Saturday, May 21, 2016

One Problem of Being A Spectrum

It has been over 4 years since autism has been a huge part of my life. Within that four years I have learned more than I could ever begin to express in words on this blog. There are lots of topics that I like to discuss and talk about. I fail to mention a lot of topics on this blog because  I just simply don't have the time or just don't pick that topic to discuss. One topic I don't discuss very often is how much I hate the fact that autism is a spectrum.
I'm not going to get into all the details of why I hate it but I will pass along an idea of why I hate the fact that it is a spectrum......

I am a mother to a child who falls into the severe category of autism and one that falls in to the mild end. There are more people with autism who are in the mild to moderate end of the spectrum than they are in the severe end of the spectrum. Nonetheless, the mild end of the spectrum is what seems to be discussed more  and in the news more. Don't get me wrong, mild autism has its many challenges. I know first hand and so does Andrew.

I am elated for the people with mild autism who can go on to graduate college, be a beauty queen, actor, public speaker, and the many other roles that these people have done. Yes it is very encouraging to me as a mother of a child with mild autism. It gives me hope that through our hard work, Andrew can achieve goals just like that! And I need hope!

On the other hand, it is hard to swallow for Trenton's sake. For example, I was at a seminar the other day and a mother of a child with autism told her story how her son's autistic challenges were improved through the GFCF diet and supplements. She also went on to explain that each year things just got better and better.
Another mom of a high functioning kiddo told the crowd to "stay away from all the depressing stories on autism because it is too depressing and her  life with her boys got better each year."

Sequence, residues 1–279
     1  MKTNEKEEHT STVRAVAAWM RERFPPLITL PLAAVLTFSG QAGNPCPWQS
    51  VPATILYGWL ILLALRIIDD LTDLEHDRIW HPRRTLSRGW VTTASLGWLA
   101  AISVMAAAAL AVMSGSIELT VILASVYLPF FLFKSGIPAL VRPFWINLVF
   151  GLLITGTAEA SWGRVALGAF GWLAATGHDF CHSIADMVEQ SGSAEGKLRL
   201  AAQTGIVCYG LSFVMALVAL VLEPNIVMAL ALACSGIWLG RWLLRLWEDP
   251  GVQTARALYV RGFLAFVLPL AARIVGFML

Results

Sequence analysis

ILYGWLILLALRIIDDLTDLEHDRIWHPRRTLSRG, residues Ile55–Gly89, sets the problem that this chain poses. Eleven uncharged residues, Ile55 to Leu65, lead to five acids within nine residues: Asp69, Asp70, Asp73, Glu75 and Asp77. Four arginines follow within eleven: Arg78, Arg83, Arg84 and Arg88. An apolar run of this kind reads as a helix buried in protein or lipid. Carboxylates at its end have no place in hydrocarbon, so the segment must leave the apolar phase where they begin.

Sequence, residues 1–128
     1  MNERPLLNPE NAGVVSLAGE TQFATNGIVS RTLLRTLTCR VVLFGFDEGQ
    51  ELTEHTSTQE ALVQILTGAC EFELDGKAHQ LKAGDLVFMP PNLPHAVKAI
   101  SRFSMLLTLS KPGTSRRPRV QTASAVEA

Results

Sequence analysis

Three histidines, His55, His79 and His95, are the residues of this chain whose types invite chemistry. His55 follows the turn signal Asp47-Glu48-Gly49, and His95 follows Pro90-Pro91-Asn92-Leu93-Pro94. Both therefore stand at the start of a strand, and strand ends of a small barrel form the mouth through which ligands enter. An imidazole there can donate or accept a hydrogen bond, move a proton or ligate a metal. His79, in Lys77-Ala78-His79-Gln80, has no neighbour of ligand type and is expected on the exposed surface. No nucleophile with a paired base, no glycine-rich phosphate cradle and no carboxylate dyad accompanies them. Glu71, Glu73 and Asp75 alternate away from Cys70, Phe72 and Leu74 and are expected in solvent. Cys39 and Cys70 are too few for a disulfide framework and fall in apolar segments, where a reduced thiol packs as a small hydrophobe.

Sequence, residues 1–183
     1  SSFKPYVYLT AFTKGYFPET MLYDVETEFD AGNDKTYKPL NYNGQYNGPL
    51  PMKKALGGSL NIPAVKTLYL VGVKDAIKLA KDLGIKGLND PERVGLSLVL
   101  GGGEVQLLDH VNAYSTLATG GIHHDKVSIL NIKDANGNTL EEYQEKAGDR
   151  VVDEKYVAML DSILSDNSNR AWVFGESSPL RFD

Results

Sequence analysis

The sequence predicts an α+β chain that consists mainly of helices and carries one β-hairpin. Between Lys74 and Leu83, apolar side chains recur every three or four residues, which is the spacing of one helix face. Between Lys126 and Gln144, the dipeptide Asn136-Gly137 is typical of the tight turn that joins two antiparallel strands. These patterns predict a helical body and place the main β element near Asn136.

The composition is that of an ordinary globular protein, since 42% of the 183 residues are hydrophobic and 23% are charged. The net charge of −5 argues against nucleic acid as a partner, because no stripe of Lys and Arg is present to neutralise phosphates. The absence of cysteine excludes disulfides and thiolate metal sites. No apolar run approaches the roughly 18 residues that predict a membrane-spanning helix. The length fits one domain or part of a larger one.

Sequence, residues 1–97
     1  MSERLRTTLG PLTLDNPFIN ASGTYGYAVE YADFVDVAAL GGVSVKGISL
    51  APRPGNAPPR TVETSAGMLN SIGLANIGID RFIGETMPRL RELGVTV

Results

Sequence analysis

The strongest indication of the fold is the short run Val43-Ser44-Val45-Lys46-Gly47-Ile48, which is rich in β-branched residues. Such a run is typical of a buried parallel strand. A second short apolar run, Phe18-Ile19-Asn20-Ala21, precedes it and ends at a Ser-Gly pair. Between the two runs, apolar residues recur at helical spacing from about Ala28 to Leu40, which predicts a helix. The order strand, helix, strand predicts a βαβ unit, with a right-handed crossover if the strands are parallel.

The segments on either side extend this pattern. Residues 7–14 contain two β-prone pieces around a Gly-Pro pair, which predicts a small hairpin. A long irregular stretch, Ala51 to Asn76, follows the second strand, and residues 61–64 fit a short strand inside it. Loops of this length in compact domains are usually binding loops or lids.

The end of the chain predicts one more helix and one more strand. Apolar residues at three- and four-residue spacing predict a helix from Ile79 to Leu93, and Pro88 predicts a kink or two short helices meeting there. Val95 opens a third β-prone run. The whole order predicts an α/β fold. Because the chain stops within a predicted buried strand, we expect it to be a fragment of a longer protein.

HA...a mother of a child with severe autism can't "stay away" from the "depressing parts" of her child's autism.

Well, it is hearing situations like that and stories like that, that is just simply hard to handle for this mother and many other mothers. First of all, if you have a child who is affected by autism severely, it MAY NOT get better. I've been doing it for almost 6 years now and it hasn't got better yet. I spoke to a mother of a 19 year old the other day who is much like Trenton and she said she is still waiting for it to get better. In some cases, it doesn't get better. In fact, it can get worse. When puberty hits some kids with autism develop epilepsy and/or PANDAS. Sadly, there are other things that hit too when they get older. Maybe your child doesn't develop other problems, maybe they just don't make much progress.

One way or the other, sometimes it is better to look at the reality of things when you have a child with severe autism than to hold on to hope from the very few success stories of high functioning families.

If I can give any small amount of advice to families of newly diagnosed  kiddos it is this.....Hang on to hope but also accept the reality of how things may turn out in life. Do your research to know the likelihood of what your child's life will be. Please know that you are on a very unique journey in life and you can't compare your life to anyone else. You are really battling your own unique disability.

2 comments:

  1. You are right every time I watch the news it's always usually about the milder side of autism This would help give the parents hope who have children with autism.I love the small advice its truthfully the best statement that I have heard or read.

    ReplyDelete
  2. You are right every time I watch the news it's always usually about the milder side of autism This would help give the parents hope who have children with autism.I love the small advice its truthfully the best statement that I have heard or read.

    ReplyDelete